Obama Needs To Pivot To Jobs — Again

Remember the first pivot to jobs? After wasting much of 2011 trying to strike a Grand Bargain with the Republicans on deficit reduction, which earned him the worst approval ratings of his Presidency, Obama finally woke up in the fall of that year and pivoted toward the jobs issue. He proposed the American Jobs Act, a major package of infrastructure investment, extended unemployment benefits, tax cuts and job protection for teachers, police and firefighters, and pilloried the GOP for opposing the plan and not caring about the jobs and incomes of ordinary Americans.

You could date the revival of Obama’s political fortunes from that pivot. His approval ratings started improving and he went on to score a solid victory in the 2012 election.

But in 2013, Obama has regressed to his early 2011 form. The president has wasted a good deal of time and political capital this year trying to strike yet another Grand Bargain with the GOP and, once again, he has little to show for it. And, with new budget forecasts showing the deficit already falling sharply and Republicans showing little interest in budget compromise, the prospects for such a Bargain are fading by the day.

Indeed, all that Republicans seem really interested in is attacking him on the scandal of the day. So far, Obama has been able to weather these attacks, partly by counter-mobilization of his own base. But how long can he expect this to last and, crucially, how can he develop a head of steam heading into the 2014 election, where he hopes his party can hold the Senate and take back the House?


There’s really only one way; replicate his jobs pivot from 2011. That means a full-bore effort to change how Washington is dealing with (really, not dealing with) today’s economic problems. Jim Tankersley, in a great Washington Post article on Tuesday, details the sorry state of the economic conversation in our nation’s capitol:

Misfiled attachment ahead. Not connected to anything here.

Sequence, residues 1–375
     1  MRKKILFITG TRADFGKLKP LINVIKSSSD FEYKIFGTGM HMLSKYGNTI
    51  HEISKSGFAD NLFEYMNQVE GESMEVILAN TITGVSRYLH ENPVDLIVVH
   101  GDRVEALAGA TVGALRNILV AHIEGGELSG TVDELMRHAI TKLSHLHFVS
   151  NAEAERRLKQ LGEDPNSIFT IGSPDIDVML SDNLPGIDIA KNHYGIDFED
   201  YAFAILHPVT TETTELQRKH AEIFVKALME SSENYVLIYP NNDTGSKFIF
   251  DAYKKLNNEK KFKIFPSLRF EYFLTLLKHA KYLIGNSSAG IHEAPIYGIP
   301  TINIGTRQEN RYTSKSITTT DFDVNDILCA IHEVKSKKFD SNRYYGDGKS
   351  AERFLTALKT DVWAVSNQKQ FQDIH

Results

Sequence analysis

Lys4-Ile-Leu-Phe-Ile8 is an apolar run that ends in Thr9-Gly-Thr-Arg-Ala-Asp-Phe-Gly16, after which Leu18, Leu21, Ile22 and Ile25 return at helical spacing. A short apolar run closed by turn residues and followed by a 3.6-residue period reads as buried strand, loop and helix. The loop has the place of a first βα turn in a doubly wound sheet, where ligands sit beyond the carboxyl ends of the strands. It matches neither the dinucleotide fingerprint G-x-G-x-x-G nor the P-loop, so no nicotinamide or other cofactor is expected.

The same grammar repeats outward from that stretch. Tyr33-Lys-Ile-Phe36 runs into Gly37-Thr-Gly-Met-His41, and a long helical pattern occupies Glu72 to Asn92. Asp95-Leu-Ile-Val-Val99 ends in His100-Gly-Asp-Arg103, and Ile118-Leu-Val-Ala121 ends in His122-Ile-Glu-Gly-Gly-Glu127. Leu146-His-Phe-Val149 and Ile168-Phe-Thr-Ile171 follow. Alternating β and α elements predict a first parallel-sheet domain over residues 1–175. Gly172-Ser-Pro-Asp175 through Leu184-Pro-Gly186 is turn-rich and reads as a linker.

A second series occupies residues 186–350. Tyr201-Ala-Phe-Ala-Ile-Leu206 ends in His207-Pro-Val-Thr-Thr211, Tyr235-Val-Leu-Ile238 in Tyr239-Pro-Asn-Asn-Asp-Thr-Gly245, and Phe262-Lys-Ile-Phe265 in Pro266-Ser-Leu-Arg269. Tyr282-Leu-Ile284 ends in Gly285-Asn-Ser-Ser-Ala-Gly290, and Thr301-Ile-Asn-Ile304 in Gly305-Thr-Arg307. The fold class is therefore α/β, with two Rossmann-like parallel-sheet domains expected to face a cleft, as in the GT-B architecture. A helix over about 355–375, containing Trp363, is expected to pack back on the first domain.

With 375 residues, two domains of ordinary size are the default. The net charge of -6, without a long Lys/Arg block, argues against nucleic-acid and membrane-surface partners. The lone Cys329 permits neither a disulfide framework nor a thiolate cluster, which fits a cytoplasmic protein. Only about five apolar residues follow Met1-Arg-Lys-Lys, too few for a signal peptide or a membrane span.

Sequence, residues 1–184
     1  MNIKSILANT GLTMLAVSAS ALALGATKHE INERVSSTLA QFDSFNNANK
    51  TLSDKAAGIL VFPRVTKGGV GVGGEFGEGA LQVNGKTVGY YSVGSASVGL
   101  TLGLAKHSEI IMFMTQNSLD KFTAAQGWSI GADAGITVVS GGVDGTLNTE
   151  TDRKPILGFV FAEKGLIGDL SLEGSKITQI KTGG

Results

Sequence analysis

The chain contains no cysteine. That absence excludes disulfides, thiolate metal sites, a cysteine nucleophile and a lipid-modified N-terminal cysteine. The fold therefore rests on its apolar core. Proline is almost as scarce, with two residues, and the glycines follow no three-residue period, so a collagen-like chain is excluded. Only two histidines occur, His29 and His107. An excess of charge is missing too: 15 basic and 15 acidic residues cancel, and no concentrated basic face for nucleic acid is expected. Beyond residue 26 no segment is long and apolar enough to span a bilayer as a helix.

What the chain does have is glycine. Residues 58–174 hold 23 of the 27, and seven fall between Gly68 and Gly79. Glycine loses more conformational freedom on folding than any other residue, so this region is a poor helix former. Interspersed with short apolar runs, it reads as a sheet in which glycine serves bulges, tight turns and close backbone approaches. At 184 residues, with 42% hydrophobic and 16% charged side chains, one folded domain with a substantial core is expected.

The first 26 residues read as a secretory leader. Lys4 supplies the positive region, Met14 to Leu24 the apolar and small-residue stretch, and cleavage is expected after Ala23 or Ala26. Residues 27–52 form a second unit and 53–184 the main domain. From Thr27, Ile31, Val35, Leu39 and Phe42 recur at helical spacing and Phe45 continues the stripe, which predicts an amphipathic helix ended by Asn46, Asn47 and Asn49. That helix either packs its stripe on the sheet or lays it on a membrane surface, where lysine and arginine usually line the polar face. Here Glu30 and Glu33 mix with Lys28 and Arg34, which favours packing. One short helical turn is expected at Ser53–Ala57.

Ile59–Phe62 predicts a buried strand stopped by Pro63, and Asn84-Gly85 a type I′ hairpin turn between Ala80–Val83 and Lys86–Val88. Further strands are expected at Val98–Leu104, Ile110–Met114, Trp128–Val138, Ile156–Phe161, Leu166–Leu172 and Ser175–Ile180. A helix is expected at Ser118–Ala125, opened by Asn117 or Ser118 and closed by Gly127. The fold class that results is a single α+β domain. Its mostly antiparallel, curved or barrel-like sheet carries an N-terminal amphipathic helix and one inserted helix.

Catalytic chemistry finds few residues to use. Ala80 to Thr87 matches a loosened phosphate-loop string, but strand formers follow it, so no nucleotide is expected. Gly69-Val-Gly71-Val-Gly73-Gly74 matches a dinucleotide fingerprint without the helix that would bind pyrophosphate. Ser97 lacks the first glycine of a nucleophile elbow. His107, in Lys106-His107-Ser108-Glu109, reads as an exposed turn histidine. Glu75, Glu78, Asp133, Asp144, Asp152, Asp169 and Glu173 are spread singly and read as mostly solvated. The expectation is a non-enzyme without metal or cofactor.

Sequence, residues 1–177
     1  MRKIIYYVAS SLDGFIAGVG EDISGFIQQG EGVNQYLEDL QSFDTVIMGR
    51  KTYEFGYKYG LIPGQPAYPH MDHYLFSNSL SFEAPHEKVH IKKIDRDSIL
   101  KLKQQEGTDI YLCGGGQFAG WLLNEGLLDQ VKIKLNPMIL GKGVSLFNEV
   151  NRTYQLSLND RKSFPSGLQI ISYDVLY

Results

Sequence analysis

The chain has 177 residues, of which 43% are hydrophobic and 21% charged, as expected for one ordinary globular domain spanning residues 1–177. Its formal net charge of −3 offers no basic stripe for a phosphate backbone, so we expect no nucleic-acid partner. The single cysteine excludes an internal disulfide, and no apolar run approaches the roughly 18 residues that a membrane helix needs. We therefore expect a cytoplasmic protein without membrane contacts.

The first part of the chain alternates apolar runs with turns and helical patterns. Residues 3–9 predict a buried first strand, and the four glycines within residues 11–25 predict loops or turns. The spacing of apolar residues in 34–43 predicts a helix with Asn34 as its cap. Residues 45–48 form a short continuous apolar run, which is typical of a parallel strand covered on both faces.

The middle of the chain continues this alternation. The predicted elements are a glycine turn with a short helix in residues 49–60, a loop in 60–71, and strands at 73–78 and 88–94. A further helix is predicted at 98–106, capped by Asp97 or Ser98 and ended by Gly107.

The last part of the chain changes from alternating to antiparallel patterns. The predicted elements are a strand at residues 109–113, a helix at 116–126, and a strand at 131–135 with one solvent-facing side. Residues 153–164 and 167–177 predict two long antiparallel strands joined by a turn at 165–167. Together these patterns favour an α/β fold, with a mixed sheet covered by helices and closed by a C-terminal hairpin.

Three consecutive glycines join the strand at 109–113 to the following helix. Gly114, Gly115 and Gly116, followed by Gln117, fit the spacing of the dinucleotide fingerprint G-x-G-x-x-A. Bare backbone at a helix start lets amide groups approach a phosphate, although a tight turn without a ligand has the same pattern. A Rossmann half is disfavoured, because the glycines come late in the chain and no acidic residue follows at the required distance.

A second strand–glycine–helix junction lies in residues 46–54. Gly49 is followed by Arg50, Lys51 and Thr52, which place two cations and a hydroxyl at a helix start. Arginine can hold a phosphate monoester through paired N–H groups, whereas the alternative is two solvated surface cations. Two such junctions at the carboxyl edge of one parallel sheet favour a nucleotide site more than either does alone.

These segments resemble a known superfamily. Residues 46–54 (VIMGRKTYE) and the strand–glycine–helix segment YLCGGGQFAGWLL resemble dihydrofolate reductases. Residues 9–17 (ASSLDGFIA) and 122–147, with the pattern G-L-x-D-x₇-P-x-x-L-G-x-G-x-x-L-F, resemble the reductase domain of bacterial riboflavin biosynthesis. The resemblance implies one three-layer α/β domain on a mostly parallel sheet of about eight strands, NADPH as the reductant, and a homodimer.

Washington has all but abandoned efforts to help the economy recover faster…There are no serious negotiations underway between the White House and congressional leaders on legislation to spur growth, and no bipartisan “gangs” of senators are huddling to craft a compromise job-creation package.

Yet economic growth remains slow by historical standards, and 11.5 million Americans are still looking for work. More than 4 million people have been unemployed for longer than six months. A Washington Post-ABC News poll found in April that two-thirds of Americans said jobs were difficult to find in their communities.

Only the President is capable of breaking through this not-so-benign neglect and refocusing the Washington conversation on jobs. It won’t be easy; occasional attempts to change the conversation, as in his recent his recent Middle Class Jobs and Opportunity Tour, have been ignored by the press and the GOP alike. But if he focuses relentlessly, rather than occasionally, on the issue and does succeed in breaking through, the rewards could be great, just as he found in his first pivot to jobs back in 2011.